The Evolution of Peacock: A Powerful Interface for MOOSE Simulations

Exodus Viewer of Peacock


Advanced modeling and simulations play a crucial role in designing and optimizing the efficiency and safety of nuclear reactors and fuels in nuclear energy. MOOSE (Multiphysics Object-Oriented Simulation Environment)(1) is a widely used software framework for performing physics simulations. MOOSE is developed and supported through the Nuclear Energy Advanced Modeling and Simulation (NEAMS) program(2), a U.S. Department of Energy-Office of Nuclear Energy (DOE-NE) program that develops advanced modeling and simulation tools and capabilities to accelerate the deployment of advanced nuclear energy technologies, such as light-water reactors (LWRs), non-light-water reactors (non-LWRs), and advanced fuels. MOOSE leverages finite element analysis and meshes to simulate various physics phenomena.

To configure, execute, and analyze MOOSE applications, a graphical interface called Peacock(3) was developed by Derek Gaston nearly a decade ago. However, the original version of Peacock had some limitations and built up some technical debt over the years. In this article, we will explore the evolution of Peacock, its new version, and the innovative features that make it a powerful tool for MOOSE simulations.


MOOSE is a powerful software framework that nuclear energy scientists and engineers use to perform physics simulations using finite element analysis. It allows for analyzing and optimizing nuclear reactors and fuels, helping to improve efficiency and safety. MOOSE applications traditionally consist of an executable and an input file configuring the simulation. Although configuring and executing MOOSE simulations is simple, it can seem complex and time-consuming for novice end-users of advanced modeling and simulation. That’s where Peacock comes in.

Figure 1: An example MOOSE input file. Brackets denote blocks, which are groupings of parameters. For example, the mesh block configures aspects of the mesh. This mesh comes from a file, reactor.e. Blocks can have sub-blocks. For example, the Variables block has no parameters, just sub-blocks.

Figure 1: An example MOOSE input file. Brackets denote blocks, which are groupings of parameters. For example, the mesh block configures aspects of the mesh. This mesh comes from a file, reactor.e. Blocks can have sub-blocks. For example, the Variables block has no parameters, just sub-blocks.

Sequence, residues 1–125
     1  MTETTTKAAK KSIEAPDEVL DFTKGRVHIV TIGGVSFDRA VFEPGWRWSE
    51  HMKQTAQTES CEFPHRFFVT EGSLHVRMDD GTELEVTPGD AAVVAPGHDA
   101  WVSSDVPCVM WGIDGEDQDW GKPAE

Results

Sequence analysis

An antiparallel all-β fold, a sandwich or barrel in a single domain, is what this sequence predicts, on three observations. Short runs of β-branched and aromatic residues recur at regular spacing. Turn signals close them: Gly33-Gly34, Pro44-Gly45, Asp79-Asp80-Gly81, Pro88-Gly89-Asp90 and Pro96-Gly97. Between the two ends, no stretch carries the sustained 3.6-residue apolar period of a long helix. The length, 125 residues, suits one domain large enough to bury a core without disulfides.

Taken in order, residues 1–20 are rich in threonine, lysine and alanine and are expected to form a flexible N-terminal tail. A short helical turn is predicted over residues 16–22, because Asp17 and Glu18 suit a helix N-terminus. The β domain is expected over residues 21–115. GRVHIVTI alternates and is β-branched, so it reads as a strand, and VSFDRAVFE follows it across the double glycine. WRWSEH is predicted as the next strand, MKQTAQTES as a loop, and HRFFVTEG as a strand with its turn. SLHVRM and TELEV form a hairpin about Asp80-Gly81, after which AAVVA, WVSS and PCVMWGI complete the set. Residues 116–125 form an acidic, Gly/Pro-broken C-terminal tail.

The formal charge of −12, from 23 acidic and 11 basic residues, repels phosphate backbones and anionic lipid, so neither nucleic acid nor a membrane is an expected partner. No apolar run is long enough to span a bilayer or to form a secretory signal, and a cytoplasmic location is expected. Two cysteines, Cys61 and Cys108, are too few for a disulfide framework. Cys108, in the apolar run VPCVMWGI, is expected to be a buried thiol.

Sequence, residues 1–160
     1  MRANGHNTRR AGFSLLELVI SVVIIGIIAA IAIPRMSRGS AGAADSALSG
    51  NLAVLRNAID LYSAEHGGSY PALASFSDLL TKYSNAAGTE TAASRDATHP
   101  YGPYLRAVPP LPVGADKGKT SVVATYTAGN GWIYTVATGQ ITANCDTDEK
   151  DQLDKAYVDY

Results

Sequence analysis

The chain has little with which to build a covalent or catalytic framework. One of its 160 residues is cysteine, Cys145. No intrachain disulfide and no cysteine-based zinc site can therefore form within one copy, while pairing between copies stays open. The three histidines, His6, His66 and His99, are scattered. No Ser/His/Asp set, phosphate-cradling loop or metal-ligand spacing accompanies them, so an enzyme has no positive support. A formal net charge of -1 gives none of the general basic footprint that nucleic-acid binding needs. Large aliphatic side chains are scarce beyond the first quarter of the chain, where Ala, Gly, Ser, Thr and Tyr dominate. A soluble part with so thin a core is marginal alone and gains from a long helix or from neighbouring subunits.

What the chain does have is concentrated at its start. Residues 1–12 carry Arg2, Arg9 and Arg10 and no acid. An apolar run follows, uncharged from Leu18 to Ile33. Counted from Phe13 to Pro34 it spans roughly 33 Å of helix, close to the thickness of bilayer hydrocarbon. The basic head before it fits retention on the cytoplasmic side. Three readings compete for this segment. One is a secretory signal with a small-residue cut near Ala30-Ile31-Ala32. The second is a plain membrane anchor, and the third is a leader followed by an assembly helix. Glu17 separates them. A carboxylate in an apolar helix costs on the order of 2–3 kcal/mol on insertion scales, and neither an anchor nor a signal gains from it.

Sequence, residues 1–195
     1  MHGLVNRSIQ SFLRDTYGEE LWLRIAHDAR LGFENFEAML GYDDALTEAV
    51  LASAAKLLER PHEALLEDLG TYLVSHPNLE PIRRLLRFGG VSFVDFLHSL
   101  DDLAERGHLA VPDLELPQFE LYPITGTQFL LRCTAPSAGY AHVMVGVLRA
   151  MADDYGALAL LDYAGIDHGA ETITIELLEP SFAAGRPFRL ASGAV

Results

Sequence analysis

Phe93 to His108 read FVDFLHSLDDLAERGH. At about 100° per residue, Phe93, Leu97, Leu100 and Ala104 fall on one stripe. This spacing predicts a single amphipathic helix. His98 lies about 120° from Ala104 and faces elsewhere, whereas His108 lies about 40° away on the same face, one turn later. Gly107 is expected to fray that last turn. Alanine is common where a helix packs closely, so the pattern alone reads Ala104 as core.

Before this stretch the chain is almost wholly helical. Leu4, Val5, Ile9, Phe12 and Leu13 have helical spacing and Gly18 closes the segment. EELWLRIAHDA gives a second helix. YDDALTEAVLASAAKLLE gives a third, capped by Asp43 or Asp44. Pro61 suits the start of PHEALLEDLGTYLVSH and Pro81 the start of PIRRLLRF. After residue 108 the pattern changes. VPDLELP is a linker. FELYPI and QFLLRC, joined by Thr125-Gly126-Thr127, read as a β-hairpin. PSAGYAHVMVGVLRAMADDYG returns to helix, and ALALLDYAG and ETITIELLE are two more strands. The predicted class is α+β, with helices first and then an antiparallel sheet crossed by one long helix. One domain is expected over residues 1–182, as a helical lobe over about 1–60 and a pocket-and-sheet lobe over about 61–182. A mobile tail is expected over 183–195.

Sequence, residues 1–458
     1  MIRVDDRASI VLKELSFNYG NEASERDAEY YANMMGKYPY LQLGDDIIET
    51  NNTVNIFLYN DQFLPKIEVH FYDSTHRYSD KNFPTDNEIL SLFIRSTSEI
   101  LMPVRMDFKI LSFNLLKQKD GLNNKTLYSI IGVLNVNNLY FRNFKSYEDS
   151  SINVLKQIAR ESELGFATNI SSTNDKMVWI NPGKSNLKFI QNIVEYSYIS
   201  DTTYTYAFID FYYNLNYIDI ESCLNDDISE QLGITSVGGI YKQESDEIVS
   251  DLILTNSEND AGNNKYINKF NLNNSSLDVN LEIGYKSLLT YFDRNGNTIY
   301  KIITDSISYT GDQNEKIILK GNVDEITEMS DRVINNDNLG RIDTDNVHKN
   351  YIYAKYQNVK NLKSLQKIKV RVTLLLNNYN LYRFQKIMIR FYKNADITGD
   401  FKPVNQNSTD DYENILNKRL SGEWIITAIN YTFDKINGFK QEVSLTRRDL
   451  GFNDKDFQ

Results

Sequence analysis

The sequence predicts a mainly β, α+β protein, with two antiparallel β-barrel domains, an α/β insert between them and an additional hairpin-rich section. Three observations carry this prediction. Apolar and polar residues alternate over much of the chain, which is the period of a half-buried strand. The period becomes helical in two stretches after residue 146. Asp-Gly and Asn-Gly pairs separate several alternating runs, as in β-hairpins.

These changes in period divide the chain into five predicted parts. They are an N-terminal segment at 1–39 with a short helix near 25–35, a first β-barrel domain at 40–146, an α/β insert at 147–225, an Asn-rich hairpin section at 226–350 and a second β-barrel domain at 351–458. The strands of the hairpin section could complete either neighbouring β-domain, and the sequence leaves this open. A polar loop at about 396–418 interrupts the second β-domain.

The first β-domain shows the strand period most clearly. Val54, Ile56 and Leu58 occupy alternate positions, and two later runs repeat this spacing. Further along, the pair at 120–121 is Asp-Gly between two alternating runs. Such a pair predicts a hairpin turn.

Peacock: The Original Interface

Screenshot of the Peacock software showing the input definition screen.
Screenshot of the Peacock software showing the simulation execution screen.
Screenshot of the Peacock software showing the analysis and visualization

Figure 2: Peacock consists of three pages: input definition, simulation execution, and analysis and visualization.

Peacock serves as a graphical interface for configuring and analyzing MOOSE simulations. It provides a user-friendly environment that simplifies creating input files, executing simulations, and visualizing the results. Peacock, the original graphical interface for MOOSE, was initially developed in Python using the Qt framework. While it served its purpose most of the time, there were some lingering issues with its usability, maintenance, and remote usage. The interface could have been more intuitive, but everything made sense once you were an experienced end-user. Development of physics for nuclear energy applications keeps the core MOOSE development team busy, and knowledge of MOOSE, Python, Qt, and VTK concentrate with developers in extremely high demand. Thus, over time, the maintenance of Peacock has become a burden. Additionally, using Peacock remotely, a critical use case for nuclear energy codes, needed to be more straightforward and align better with the Open OnDemand environment.

Revisiting Peacock

To address the limitations of the original Peacock interface, a new version was developed using Kitware’s trame(4) framework. The new Peacock is written in Python and focuses on simplifying remote execution and integration with high-performance computing (HPC) scheduling. With trame, Peacock is now almost entirely written in Python, with only a few custom widgets implemented in JavaScript and maintained in the core trame framework. This evolution simplifies maintenance and allows future developers to work seamlessly within Python. This new client-server version of Peacock now provides access to the front end from various devices and environments and a back end to provide secure computations.

Enhanced Input Configuration

As mentioned previously, the input file configuration is essential to MOOSE simulations. In the new version of Peacock, we determine the input file schema from the MOOSE executable. The MOOSE executable can output the schema as a JSON file, providing valuable information about the available configuration blocks, parameters, and types. Furthermore, the executable can create and output the input mesh as an ExodusII file, which is useful when the input file specifies a description of the mesh rather than a file. Peacock leverages this data and maps it to a SimPut(5) schema, which automates the user interface (UI) generation for editing and updating the input file. To parse the blocks, parameters, and types of the input file, Peacock utilizes the pyhit(6) library.

Screenshot of the input tab

Figure 3: The input tab.

The core input file tab in Peacock allows users to create and edit input files for MOOSE simulations. The tab features a tree view representing the input file syntax specific to the simulation application. This tree view is automatically populated via SimPut with blocks and parameters from an existing input file, making it easier for users to navigate and modify the input file structure.